4 4 Introduction to Behavioural Safety Dominic Cooper, PhD CFIOSH CPsychol What is a 12% productivity increase worth to your company, in addition to 30% reductions in insurance premiums, around 30-70% reductions in undesired incidents, and significantly reduced operating costs for your company? Behavioural Safety These proven, real world results have been achieved with behavioural safety approaches over the past five decades in a wide variety of industrial and commercial sectors. Beginning in the USA in the mid-1970 s, behavioural safety came to Europe in the late 1980 s, early 1990 s when the British Health and Safety Executive (HSE) funded two construction research projects at UMIST with a team including Professor Dominic Cooper of BSMS, Dr Tim Marsh, Robin Phillips and others: the first sought to establish how to optimise behavioural safety for the European Culture, while the second focused on industry applications. Successfully improving safety behaviour, both projects also demonstrated the importance of people s commitment to the process. Equally applicable to both quality and productivity, the purpose of behavioural safety is to reduce the number of unwanted incidents caused either by poor management controls, and/or hazards present in the working environment: those triggered solely by unwanted behaviours, or those triggered by an interaction between poor controls, hazards, and behaviours. Defined as an unexpected and unwanted event, an incident refers to property damage, a quality problem, a personal injury, or a catastrophe. Incident pyramids (shown opposite), illustrate that most incidents have a relatively mild impact, and that critical impacts (i.e. catastrophic) are relatively infrequent events. It is a matter of chance, however, whether a mild impact event may have been more serious, as the severity of the outcome cannot be controlled in the same way as the inputs. Preventative opportunities arise, therefore, from controlling unwanted behaviours, eliminating hazards, and tightening management controls at the base of the pyramid. Behavioural safety helps to identify the issues in all of these areas. Simultaneously focusing on all of these, significantly reduces the possibility of a critical impact event, while greatly improving performance and efficiencies. People s behavioural choices account for around 56% of all potential serious injuries and fatalities (SIFs), with poor management controls (i.e. job planning), and physical hazards accounting for the remainder.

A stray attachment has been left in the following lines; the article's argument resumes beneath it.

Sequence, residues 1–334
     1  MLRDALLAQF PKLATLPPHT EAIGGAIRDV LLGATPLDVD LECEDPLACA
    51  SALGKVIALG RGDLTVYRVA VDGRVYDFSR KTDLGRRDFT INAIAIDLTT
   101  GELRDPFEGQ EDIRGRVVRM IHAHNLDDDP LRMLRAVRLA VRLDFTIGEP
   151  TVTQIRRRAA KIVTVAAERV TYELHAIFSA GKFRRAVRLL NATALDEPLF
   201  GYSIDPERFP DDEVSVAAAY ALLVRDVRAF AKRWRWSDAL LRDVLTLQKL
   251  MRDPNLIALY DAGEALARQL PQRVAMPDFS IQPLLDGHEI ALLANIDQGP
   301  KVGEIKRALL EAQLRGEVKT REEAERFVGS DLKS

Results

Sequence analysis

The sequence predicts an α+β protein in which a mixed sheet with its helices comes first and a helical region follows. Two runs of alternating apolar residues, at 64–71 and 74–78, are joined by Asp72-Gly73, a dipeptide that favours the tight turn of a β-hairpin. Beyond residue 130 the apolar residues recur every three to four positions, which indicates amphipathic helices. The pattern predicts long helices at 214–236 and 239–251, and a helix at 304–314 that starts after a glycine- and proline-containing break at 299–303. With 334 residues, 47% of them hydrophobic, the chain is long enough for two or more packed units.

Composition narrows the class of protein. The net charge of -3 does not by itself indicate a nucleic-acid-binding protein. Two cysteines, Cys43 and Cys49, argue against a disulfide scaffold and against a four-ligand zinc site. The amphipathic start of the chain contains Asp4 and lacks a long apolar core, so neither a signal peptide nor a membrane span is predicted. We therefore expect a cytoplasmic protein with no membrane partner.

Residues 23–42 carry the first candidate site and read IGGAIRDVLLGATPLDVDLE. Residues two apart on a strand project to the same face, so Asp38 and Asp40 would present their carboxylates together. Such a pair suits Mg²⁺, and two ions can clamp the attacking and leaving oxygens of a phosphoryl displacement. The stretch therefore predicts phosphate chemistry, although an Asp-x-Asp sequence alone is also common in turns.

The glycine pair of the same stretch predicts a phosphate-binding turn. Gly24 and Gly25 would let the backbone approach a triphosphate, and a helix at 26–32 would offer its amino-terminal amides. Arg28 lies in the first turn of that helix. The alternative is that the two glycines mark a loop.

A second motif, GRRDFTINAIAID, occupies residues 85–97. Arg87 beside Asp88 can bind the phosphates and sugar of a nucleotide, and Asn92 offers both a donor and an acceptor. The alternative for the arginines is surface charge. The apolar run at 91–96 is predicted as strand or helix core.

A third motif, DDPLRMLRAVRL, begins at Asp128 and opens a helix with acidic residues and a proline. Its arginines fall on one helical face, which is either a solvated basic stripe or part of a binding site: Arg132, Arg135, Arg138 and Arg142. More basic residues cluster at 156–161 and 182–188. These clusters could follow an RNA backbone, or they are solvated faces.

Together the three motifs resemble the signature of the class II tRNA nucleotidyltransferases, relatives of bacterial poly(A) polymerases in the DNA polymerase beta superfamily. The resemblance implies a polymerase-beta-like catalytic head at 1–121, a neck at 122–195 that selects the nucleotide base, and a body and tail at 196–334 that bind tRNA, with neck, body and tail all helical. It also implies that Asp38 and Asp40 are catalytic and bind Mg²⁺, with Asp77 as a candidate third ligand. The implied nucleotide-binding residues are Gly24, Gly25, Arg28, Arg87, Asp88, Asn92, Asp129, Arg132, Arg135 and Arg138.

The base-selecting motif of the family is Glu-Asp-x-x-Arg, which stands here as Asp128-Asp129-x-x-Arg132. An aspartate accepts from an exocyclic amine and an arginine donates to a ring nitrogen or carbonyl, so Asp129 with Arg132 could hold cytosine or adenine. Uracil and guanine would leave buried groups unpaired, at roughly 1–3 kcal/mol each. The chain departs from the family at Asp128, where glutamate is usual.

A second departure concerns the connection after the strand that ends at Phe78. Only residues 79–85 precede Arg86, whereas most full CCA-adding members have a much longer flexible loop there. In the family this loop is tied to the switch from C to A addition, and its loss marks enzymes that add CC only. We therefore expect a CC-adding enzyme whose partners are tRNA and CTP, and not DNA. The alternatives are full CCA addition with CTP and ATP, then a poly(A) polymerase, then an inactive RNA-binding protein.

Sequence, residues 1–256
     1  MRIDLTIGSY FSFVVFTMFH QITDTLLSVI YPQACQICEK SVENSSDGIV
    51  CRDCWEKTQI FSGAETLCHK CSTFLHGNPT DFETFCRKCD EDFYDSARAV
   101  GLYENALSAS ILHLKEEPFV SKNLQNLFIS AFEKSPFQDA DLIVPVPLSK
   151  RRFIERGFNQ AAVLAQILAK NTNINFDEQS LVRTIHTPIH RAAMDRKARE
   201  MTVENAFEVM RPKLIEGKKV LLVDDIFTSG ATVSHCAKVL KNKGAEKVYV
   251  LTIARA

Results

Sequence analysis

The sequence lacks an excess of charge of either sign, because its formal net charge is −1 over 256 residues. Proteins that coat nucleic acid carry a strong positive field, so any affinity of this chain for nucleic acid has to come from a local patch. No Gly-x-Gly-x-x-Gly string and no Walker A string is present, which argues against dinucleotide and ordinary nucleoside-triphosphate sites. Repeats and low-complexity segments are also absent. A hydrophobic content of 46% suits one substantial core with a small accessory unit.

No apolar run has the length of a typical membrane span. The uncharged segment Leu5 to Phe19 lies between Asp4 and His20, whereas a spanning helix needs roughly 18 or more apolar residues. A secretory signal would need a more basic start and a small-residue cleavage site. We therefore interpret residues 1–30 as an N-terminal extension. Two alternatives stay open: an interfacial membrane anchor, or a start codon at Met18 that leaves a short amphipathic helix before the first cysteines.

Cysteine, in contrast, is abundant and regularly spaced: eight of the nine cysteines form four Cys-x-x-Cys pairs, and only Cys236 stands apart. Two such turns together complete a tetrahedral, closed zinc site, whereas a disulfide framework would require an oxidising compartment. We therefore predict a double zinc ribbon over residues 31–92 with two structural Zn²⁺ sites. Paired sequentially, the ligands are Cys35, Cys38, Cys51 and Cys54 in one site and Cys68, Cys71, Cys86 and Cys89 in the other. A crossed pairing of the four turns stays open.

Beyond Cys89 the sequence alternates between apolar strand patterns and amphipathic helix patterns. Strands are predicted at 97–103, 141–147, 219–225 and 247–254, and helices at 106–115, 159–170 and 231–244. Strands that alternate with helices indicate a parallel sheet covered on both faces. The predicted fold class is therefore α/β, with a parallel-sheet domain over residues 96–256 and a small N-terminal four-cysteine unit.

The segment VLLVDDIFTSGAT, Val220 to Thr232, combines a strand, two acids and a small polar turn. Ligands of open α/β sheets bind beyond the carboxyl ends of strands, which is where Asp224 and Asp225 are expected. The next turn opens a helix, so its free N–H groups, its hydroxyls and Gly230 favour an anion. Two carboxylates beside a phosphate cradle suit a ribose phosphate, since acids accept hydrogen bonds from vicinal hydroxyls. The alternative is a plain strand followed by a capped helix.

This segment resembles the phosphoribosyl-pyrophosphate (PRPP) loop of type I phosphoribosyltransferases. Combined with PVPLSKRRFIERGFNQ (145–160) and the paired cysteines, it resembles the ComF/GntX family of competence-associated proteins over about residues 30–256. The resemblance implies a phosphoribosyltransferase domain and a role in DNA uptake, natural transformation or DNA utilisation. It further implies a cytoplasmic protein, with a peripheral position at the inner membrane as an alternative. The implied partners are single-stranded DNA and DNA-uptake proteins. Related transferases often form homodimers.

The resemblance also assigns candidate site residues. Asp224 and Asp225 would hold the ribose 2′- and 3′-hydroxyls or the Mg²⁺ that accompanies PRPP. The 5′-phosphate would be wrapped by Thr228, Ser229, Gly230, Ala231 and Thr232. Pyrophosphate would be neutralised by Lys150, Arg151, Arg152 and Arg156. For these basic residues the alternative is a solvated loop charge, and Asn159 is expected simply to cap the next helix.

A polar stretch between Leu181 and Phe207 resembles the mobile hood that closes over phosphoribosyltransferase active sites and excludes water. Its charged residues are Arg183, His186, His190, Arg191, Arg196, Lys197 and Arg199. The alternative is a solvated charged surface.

5 5 Over each of the past 30 years, UK incident data reveals a stable experience average of 20,000 actual SIF s, while less serious reportable injuries dropped from 180,000 to 60,000 per year. This shows that existing risk control strategies are not reducing very serious injuries at the same rate as less severe injuries, and that something new is required and/or existing strategies need tightening. 87% of all potential SIF s can be observed during safety leadership walk-rounds and behavioural safety observation tours. Subsequently recorded in PEER software, the build-up of potential SIF s is monitored so that any underlying contributors can quickly be identified and addressed. Recognising that safety is a social activity, where one person s behaviour can affect many, behavioural safety approaches systematically address behavioural choices, management controls and physical hazards in a proactive and planned manner. Targeting people s behaviour at all organisational levels to address these, helps to create a safety partnership between management and employees.